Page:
Table 1. Demographic profile of study participants with Plasmodium vivax and P. falciparum malaria, Karachi, Pakistan, 2009-2011 * Frequency (%) Characteristic P. vivax P. falciparum Mixed Sex F 98 (33) 12 (25) 6 (46) M 198 (67) 35 (75) 7 (54) Previously healthy adults 189 (64) 30 (64) 10 (77) Concurrent illness Diabetes 49 (17) 4 (9) 0 Ischemic heart disease 37 (12) 2 (4) 3 (23) Chronic kidney disease 10 (3) 3 (6) 0 Co-existing infection 34 (12) 5 (11) 0 ([dagger]) Others ([double dagger]) 10 (3) 5 (11) 0 Total ([section]) 107 (36) 17 (36) 3 (23) * n = 356. ([dagger]) Co-existing infections included dengue fever, urinary tract infection, enteric fever, and hepatitis C, diagnosed by appropriate serologic testing/culture. ([double dagger]) Other conditions included chronic obstructive pulmonary disease, chronic liver disease, malignancy, and other conditions from the Charlson Comorbidity Index (5). ([section]) Many patients had multiple comorbidities; therefore, the total does not sum the above. Table 2. Comparison of complication rates in P. falciparum versus P. vivax infections, Karachi, Pakistan, 2009-20011 * No. (%) P. falciparum Complications Case definition cases, n = 47 WHO criteria ([dagger]) Altered consciousness Disorientation or confusion 5 (10.6) Metabolic acidosis Plasma bicarbonate <15 5 (10.6) mmol/L Pulmonary edema Respiratory distress and 6 (12.8) bilateral diffuse infiltrates on chest radiograph Abnormal spontaneous Bleeding from 1 (2.1) bleeding gastrointestinal, genitourinary or respiratory tracts Jaundice Serum bilirubin >3.0 mg/dL 12 (25.5) Hemoglobinuria Hemoglobin in urine 15 (31.9) Shock Systolic blood pressure <80 4 (8.5) mm Hg Hypoglycemia Blood glucose <40 mg/dL 1 (2.1) ([double dagger]) Renal impairment Serum creatinine >3 mg/dL 2 (4.3) ([section]) Other Hyperpyrexia Core body temperature 4 (8.5) >40[degrees]C Thrombocytopenia Platelets <150,000/ 39 (83.0) [mm.sup.3] Profound <20,000/[mm.sup.3] 5 (10.6) Anemia Hemoglobin <7 mg/dL 10 (21.3) Multiorgan dysfunction Biochemical and /or 5 (10.6) radiographic evidence of [greater than or equal to] 2 organs involved Secondary infection Radiographic/ 9 (19.1) microbiological evidence of infection Coagulopathy Deranged PT/APTT 5 (10.6) Liver dysfunction ALT level >normal 16 (44.4) No. (%) P. vivax cases, Complications n = 296 Odds ratio (CI) p value WHO criteria ([dagger]) Altered consciousness 6 (2.0) 5.7 (1.7-19.7) 0.002 Metabolic acidosis 17 (5.7) 1.9 (0.7-5.6) 0.203 Pulmonary edema 23 (7.8) 1.7 (0.7-4.5) 0.253 Abnormal spontaneous 16 (5.4) 0.4 (0.049-2.9) 0.336 bleeding Jaundice 28(89.5 3.3 (1.5-7.0) 0.001 Hemoglobinuria 62 (20.9) 1.8 (0.9-3.4) 0.094 Shock 5 (1.7) 5.4 (1.4-20.9) 0.007 Hypoglycemia 3 (1.0) 2.1 (0.2-20.9) 0.509 ([double dagger]) Renal impairment 10 (3.4) 1.3 (0.3-6.0) 0.761 ([section]) Other Hyperpyrexia 32 (10.8) 0.8 (0.4-1.9) 0.416 Thrombocytopenia 272 (91.9) 0.4 (0.2-1.0) 0.051 Profound 58 (19.6) 0.5 (0.2-1.0) 0.141 Anemia 15 (5.1) 5.0 (2.1-12.1) 0.000 Multiorgan dysfunction 21 (7.1) 1.6 (0.6-4.4) 0.394 Secondary infection 2 (7.4) 2.9 (1.3-6.9) 0.009 Coagulopathy 17 (5.7) 2.0 (0.7-5.6) 0.203 Liver dysfunction 97 (40.9) 1.1 (0.5-1.9) 0.690 * WHO, World Health Organization; PT, prothrombin time; APTT, activated partial thromboplastin time. ALT, alanine aminotransferase. ([dagger]) Source: (4). ([double dagger]) Patients with preexisting diabetes were excluded from this count; n = 303. ([section]) Patients with preexisting chronic kidney disease were excluded from this count; n = 343.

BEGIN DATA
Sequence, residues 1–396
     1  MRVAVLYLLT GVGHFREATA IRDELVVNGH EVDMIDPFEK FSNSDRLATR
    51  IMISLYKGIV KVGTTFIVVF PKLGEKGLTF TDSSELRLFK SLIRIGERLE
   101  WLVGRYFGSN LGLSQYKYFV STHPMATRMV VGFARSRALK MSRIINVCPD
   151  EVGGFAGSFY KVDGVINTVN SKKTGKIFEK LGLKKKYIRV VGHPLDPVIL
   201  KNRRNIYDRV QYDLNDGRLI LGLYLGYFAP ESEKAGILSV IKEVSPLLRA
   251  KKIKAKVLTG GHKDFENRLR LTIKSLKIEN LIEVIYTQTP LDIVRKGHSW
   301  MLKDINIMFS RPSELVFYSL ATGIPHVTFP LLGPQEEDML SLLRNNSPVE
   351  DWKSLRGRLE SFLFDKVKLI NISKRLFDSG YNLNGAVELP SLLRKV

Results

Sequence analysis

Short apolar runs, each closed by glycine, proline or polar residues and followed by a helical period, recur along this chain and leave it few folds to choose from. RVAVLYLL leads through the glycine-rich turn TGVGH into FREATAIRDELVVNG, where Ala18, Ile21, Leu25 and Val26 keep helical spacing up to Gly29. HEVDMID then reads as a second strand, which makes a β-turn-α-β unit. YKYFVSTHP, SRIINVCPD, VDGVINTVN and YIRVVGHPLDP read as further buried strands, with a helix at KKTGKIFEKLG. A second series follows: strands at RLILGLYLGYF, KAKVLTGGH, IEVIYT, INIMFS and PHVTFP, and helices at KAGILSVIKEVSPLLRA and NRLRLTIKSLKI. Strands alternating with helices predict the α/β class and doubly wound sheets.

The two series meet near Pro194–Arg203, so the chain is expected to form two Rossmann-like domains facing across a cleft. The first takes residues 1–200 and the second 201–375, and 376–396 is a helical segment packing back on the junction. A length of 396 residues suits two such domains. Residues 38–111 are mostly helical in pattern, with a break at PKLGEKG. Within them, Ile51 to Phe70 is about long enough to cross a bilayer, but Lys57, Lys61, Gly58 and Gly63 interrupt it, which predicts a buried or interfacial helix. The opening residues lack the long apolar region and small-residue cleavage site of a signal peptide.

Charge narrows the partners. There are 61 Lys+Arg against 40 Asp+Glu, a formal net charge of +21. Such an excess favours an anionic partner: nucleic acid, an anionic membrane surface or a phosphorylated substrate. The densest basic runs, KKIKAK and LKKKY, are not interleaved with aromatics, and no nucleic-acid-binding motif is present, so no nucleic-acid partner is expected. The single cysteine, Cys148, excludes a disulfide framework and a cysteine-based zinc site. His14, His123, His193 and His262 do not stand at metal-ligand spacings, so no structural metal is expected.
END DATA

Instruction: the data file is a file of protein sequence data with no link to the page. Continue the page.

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|Author:||Zubairi, Ali Bin Sarwar; Nizami, Sobia; Raza, Afsheen; Mehraj, Vikram; Rasheed, Anita Fazal; Ghanchi|
|Publication:||Emerging Infectious Diseases|
|Date:||Nov 1, 2013|